The Formal Due Diligence Process
When selling your business, it’s a good idea to put yourself in the buyer’s shoes. Imagine purchasing someone else’s business: You’d want as much information as possible about their financial health, their day-to-day operations, their contractual obligations, and just about any other relevant information you could get your hands on.
This process of discovering and evaluating the financial health and market position of a business you intend to acquire is formalized in the due diligence process. Let’s take a closer look at this process: Where it starts, where it ends, how long it takes, and what documents you may need to provide to a prospective buyer.
The Letter of Intent
A letter of intent (LOI) signals that two parties intend to do business with each other - in our case, LOI’s will mean that a buyer is interested in purchasing a seller’s business. LOIs will include a non-disclosure agreement (NDA), or an NDA will have been signed before the LOI was sent.
In this LOI, the prospective buyer will include details about the documents and authorizations they will need to perform due diligence. We’ll examine some of the documents you can expect to find in such a request in the next section.
It’s important to remember that LOI’s are typically non-binding (with periodically one or two binding provisions included for items such as exclusivity or confidentiality). They cover the broad strokes of what a buyer is expecting during the purchasing process, and they will certainly highlight the price and major terms of the deal.
Documents that are commonly requested during due diligence
The documents and access that a buyer will request for due diligence will vary from industry to industry. You’ll also find variations in the timespan those documents will have to cover - one buyer might ask for 3 years of corporate tax returns, while another might ask for 5 years.
For these reasons, we can’t provide you with an exhaustive list of the documents that may be requested. We can, however, provide you with the most commonly requested documents, as well as the time span those documents should cover. These documents include:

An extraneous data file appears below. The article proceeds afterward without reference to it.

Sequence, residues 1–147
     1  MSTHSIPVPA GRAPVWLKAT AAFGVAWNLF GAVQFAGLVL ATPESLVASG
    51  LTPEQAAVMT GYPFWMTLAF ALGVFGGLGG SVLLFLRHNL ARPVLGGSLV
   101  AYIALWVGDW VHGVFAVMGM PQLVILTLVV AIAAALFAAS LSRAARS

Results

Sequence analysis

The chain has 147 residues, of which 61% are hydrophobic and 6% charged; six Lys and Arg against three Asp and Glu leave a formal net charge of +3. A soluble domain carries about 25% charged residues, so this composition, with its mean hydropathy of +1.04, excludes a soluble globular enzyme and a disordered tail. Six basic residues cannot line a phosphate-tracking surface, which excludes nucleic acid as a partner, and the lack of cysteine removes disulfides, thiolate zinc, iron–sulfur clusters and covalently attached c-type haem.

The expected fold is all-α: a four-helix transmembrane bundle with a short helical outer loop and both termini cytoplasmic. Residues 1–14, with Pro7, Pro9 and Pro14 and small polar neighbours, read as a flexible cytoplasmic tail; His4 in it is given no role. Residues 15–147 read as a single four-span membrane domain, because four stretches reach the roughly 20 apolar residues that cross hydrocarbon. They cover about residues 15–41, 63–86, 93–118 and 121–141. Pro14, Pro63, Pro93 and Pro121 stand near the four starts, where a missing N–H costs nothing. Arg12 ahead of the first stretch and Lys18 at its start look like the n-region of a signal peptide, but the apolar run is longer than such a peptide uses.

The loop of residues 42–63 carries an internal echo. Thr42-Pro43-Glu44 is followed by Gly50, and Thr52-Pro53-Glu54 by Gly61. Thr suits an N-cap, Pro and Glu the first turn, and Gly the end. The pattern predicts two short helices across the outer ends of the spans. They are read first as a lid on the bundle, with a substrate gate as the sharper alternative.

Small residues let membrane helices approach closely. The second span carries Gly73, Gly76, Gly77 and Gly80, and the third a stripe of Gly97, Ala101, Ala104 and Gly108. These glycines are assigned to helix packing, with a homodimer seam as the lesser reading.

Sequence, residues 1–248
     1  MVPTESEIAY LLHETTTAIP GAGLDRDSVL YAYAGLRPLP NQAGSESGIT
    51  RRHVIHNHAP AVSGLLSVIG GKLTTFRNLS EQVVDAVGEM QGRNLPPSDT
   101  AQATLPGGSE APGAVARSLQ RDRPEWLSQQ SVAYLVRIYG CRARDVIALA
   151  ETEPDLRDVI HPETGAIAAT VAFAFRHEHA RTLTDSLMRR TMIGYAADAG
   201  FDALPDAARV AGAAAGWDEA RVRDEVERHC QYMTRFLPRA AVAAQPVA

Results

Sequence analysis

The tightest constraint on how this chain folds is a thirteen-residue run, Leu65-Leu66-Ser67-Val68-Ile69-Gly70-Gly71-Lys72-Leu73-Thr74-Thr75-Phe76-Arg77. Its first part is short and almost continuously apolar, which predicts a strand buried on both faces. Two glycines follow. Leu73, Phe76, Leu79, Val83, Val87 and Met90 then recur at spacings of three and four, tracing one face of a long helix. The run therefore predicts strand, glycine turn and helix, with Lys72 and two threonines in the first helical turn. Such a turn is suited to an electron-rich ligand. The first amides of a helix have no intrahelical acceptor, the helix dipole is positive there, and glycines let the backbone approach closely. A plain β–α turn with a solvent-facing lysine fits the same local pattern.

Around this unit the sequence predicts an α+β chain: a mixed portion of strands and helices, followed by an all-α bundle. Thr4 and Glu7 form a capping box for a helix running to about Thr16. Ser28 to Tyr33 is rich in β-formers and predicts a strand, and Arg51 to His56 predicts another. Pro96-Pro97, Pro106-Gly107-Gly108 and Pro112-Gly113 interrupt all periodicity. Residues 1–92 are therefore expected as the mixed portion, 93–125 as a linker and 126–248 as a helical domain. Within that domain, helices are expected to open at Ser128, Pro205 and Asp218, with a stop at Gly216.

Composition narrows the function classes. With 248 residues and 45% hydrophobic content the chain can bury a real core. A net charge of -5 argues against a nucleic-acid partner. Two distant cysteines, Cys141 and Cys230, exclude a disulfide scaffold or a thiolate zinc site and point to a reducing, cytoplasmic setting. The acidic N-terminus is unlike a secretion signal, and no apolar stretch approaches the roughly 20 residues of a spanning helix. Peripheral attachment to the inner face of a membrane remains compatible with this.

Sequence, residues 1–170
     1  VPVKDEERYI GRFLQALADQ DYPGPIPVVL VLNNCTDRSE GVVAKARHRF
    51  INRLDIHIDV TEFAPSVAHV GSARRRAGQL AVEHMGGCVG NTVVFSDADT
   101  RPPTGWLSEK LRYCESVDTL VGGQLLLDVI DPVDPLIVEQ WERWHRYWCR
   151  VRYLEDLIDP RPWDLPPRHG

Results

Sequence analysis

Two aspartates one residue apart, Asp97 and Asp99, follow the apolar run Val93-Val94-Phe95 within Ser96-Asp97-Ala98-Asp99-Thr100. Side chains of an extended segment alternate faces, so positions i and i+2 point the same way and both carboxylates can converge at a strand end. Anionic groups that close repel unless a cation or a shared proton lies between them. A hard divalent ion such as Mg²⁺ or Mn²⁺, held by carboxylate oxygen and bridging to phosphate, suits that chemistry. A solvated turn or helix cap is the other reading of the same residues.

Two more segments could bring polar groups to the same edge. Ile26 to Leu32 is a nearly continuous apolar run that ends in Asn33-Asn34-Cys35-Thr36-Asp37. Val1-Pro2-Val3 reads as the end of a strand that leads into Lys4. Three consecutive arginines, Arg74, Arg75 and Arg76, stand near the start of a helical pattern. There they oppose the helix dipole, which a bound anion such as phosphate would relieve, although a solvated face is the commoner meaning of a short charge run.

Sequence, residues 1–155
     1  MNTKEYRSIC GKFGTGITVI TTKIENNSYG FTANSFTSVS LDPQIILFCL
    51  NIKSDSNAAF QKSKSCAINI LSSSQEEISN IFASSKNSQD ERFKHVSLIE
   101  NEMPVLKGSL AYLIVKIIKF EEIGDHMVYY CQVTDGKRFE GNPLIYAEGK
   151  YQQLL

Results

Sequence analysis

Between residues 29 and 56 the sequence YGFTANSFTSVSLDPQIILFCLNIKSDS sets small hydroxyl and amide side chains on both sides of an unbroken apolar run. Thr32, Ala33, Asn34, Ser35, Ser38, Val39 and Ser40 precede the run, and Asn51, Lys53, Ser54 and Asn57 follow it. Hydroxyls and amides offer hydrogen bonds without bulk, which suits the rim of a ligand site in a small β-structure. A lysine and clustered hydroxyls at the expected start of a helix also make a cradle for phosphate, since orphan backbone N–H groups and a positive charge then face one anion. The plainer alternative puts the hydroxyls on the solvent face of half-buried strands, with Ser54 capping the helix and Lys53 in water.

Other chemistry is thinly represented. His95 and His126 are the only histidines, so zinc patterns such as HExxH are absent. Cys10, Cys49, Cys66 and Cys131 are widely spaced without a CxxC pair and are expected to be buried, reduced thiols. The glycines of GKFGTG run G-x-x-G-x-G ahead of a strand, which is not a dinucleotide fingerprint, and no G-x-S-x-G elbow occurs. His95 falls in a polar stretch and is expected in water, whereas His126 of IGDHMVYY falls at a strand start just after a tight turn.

Lease Agreements & Landlord Documentation
Canada Revenue Agency: T2 Corporate Income Tax Returns – 3 years
Accountant-prepared financial statements – 3 years
Employee T4 Statements – 3 years
Year-to-Date financial statements, as requested
Additional reports requested by the Buyer’s lender for loan approval
CRA Form AUT-01 (consent is granted to the Buyer’s accountant)
Any contractual obligations including but not limited to suppliers or subcontractors
General Ledger – 3 years & year-to-date
Bank Statements – 3 years & year-to-date
Corporate Minute Books
There are some things that the buyer should not request during due diligence. Most importantly, they shouldn’t request permission to speak to employees, customers, or vendors. And some of the due diligence items will be given immediately, and other info (eg. customer contracts) will not be given until the very end of the process after the Purchase Agreement is fully negotiated and all the approvals (landlord, lender) are granted.
How long does the due diligence process take?
The length of time it takes to perform due diligence varies - it may take several weeks or even several months. You can expedite the process by preparing the most commonly requested documents in advance, as well as by asking your accountant and your commercial business broker in BC for advice. Typically most deals involve a formal due diligence process of 60 to 90 days from time of signing Letter of Intent (“LOI”) until the deal closes.